Posts: 196
Location: Perkinston Mississippi zone 9a
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Welcome to permies Zachary, I look forward to seeing the systems you go with and updates.
 
steward
Posts: 4400
Location: Zones 2-4 Wyoming and 4-5 Colorado
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bee books forest garden fungi greening the desert hugelkultur
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Howdy Zachary, Looks like a great place. What kinds of trees/ shrubs are already in place there?

You said "I want to reposition the snow on my land over the course of a winter ." What are you thinking there? Are you moving the snow with a tractor or putting up snow fencing to capture it in drifts?

Will you be using keyline swales with ponds as catchment?

I am in a similar situation. I travel to my place for a week each month. I have an old camper with no electric. I do have a good spring for water . Still working on clearing trees and snow fencing to capture water in the dry areas. I use those solar garden lights for lighting. They work pretty well for me.
 
Zachary Morris
Posts: 28
Location: Southern Oregon, 6a/6b
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Miles Flansburg wrote:Howdy Zachary, Looks like a great place. What kinds of trees/ shrubs are already in place there?

You said "I want to reposition the snow on my land over the course of a winter ." What are you thinking there? Are you moving the snow with a tractor or putting up snow fencing to capture it in drifts?

Will you be using keyline swales with ponds as catchment?

I am in a similar situation. I travel to my place for a week each month. I have an old camper with no electric. I do have a good spring for water . Still working on clearing trees and snow fencing to capture water in the dry areas. I use those solar garden lights for lighting. They work pretty well for me.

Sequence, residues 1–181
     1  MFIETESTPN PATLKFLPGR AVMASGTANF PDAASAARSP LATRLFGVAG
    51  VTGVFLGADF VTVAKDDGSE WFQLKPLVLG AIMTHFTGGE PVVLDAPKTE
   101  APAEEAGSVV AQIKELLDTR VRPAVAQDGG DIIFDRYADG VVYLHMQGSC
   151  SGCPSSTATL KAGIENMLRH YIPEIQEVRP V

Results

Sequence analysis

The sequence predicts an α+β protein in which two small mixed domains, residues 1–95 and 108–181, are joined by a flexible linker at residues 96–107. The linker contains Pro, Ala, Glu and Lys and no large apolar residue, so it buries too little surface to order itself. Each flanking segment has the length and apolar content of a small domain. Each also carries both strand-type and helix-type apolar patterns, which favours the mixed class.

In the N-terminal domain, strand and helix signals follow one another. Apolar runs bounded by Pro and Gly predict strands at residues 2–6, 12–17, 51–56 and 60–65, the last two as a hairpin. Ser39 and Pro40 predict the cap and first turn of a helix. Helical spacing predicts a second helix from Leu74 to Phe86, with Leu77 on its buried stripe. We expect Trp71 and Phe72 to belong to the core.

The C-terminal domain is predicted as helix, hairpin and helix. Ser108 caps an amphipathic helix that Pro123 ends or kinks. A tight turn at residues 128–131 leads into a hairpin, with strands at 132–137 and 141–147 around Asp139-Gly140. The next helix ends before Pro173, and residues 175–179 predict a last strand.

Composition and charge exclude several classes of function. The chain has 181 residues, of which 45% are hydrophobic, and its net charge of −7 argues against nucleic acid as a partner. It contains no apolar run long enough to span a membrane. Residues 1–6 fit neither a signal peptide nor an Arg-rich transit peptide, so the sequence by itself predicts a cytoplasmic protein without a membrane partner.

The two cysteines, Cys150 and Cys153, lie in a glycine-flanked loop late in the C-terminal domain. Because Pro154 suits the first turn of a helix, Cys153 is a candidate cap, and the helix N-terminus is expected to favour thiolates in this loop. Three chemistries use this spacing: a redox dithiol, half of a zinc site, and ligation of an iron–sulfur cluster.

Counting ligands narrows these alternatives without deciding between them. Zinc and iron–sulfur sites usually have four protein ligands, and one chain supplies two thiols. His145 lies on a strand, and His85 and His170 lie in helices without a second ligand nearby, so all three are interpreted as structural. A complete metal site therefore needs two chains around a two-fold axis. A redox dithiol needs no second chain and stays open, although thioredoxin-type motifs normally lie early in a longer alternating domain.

Mostly different conifers as far as the trees go, the main shrubs are foreign to me, and the under growth is a little sparse at first glance, but when I walk through the area there's gotta be more then 30 different kinds of ferns, herbaceous annuals along with the perennial grasses and young shrubs. So basically I've got my work cut out for me in regards to plant identification!

I'm hoping to use some naturalized snow fencing (avoiding the plastic snow fence) to capture drifts combined with a lot of back breaking snow shoveling. Fortunately I'm working with a relatively small area, the upper acre would mostly be fine where ever the snow falls, the lower acre comprises most of the really heavily forested portion which I'll be leaving primarily as a zone 4/5 area assuming most of the snow will be held in the canopies anyways.

As far as the pond goes I'm still up in the area because I don't like plastic pond liners, or any other plastic on my property if I can help it. With sandy loam soil I'm not sure what kind of natural catchment options will be feasible. I might need to settle for a lot of well placed percolation, and a lot of extra effort to get my water into a reservoir coupled with a whole lot of conservation!
 
Posts: 13